Mumps cases mount in Toronto, with public health saying 'we're not near the end yet'
People born between 1970 and 1992 are vulnerable, may not have received all of their vaccinations
Confirmed cases of mumps continue to pile up, with a Toronto Public Health official saying the number has now hit 25 — and will likely continue to grow.
CBC Toronto reported on February 22 that 14 cases had been confirmed, mostly among a group of people who had visited several bars on the west side of downtown.
"The initial cases that we had, they have now exposed other people and now they're coming down with it," Dr. Vinita Dubey of Toronto Public Health said Friday.
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Mumps is a viral infection that spreads by saliva or mucus contact and that often comes with pain and swelling in the neck and jaw. Toronto saw an average of five cases a year between 1997 and 2009.
Dubey described the situation in Toronto now as a "community outbreak," as opposed to an outbreak that is tied definitively to a single location.
"We can't say that all of the people live in one place or have gone to one place, they haven't even gone to one bar," she said.
In fact, Toronto Public Health has identified more than 20 bars and restaurants in the downtown west side that have been frequented by infected people.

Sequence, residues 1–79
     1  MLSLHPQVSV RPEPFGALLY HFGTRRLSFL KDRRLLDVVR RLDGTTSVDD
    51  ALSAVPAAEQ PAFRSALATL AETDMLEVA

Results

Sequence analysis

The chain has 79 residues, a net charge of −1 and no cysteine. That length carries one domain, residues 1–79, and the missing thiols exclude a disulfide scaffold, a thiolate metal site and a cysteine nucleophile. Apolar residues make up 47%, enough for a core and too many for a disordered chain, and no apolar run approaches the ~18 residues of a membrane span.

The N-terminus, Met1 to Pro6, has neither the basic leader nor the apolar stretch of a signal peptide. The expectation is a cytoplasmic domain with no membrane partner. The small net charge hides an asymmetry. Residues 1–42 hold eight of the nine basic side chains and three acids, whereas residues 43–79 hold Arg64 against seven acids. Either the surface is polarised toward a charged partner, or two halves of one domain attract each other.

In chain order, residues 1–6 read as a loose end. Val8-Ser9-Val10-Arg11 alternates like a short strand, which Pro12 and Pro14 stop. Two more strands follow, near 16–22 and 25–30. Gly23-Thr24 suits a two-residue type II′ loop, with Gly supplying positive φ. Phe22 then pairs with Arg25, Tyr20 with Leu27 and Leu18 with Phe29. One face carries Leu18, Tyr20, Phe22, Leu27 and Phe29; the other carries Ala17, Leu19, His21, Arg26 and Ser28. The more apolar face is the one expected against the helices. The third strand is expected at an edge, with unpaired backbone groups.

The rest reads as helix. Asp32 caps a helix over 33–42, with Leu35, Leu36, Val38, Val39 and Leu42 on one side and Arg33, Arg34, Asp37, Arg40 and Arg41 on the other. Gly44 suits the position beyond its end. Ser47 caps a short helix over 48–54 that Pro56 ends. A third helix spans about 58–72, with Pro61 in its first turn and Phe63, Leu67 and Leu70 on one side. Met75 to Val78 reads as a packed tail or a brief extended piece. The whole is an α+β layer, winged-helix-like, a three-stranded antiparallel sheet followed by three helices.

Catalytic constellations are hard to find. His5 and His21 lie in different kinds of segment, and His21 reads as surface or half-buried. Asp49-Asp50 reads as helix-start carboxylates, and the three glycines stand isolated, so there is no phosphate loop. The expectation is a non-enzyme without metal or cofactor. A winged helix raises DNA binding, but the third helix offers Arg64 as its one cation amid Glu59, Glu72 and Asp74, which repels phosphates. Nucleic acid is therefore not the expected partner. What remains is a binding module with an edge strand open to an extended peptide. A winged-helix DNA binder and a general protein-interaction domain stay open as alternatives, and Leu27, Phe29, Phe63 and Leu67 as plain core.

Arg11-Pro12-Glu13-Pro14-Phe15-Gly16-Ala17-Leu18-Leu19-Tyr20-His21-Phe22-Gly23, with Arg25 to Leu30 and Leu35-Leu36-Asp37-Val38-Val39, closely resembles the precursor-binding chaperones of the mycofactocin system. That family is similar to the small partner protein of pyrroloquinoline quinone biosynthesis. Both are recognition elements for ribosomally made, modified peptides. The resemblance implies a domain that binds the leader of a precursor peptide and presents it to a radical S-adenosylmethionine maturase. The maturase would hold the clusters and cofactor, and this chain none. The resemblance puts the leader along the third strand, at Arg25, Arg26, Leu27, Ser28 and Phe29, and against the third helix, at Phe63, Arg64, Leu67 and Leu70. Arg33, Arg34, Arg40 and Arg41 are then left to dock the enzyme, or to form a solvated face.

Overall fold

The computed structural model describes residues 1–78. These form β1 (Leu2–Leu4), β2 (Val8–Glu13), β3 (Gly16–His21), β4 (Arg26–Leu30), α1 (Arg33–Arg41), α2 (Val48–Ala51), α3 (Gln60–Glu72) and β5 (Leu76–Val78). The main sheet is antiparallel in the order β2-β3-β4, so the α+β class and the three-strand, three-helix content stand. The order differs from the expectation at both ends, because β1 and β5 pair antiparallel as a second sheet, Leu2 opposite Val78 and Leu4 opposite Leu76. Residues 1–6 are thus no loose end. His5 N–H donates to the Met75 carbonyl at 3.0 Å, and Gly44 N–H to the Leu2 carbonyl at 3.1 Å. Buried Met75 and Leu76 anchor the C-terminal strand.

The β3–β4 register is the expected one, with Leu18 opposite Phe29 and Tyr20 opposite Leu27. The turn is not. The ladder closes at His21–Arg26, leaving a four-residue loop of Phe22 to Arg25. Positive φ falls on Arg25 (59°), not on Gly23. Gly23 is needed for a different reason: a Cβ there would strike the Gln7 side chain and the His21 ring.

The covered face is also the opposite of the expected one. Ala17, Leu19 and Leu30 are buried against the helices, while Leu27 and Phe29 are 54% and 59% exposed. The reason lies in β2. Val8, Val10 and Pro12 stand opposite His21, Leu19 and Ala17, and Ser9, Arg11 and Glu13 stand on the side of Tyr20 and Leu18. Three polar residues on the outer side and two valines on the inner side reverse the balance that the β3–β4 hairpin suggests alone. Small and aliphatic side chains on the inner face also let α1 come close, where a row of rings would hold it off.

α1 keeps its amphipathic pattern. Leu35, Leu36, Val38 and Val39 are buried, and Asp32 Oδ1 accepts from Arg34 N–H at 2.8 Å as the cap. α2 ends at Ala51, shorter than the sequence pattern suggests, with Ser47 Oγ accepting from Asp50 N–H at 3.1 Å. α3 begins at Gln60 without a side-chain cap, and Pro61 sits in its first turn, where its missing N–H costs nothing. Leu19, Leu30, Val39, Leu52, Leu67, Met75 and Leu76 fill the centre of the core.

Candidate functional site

As a result, they have sent letters to bars, restaurants and schools in the area to remind people to make sure they have had vaccinations for mumps.
Born from 1970 to 1992? You're vulnerable
The way that mumps vaccines have been administered over time has changed, creating a vulnerable cohort of people currently between 25 and 47 years of age, said Dubey.
"This group is a reflection of immunization policies of the past," she explained. "Only if you were born from 1992 on can you be pretty sure you had two doses of measles-mumps-rubella vaccines."
If you're unsure, Dubey recommends checking your vaccination records and making sure you're up to date.
If sick, stay home
Another piece of advice from Toronto Public Health?
"If you're sick, stay home. The thing about mumps is you're infectious up to seven days before the swelling of the glands," said Dubey.
Although most people get over mumps on their own, it can lead to other dangerous conditions.
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"Five of our 25 cases have had orchitis — inflammation of the testicles. The more cases you get, the more likely you are to get some of the more serious consequences like hearing loss, encephalitis, and meningitis."
Dubey said she can't predict how many cases will be confirmed in the coming weeks, but said she knows "we're not near the end yet."
Toronto Public Health has a fact sheet on the signs and symptoms of mumps you can read here.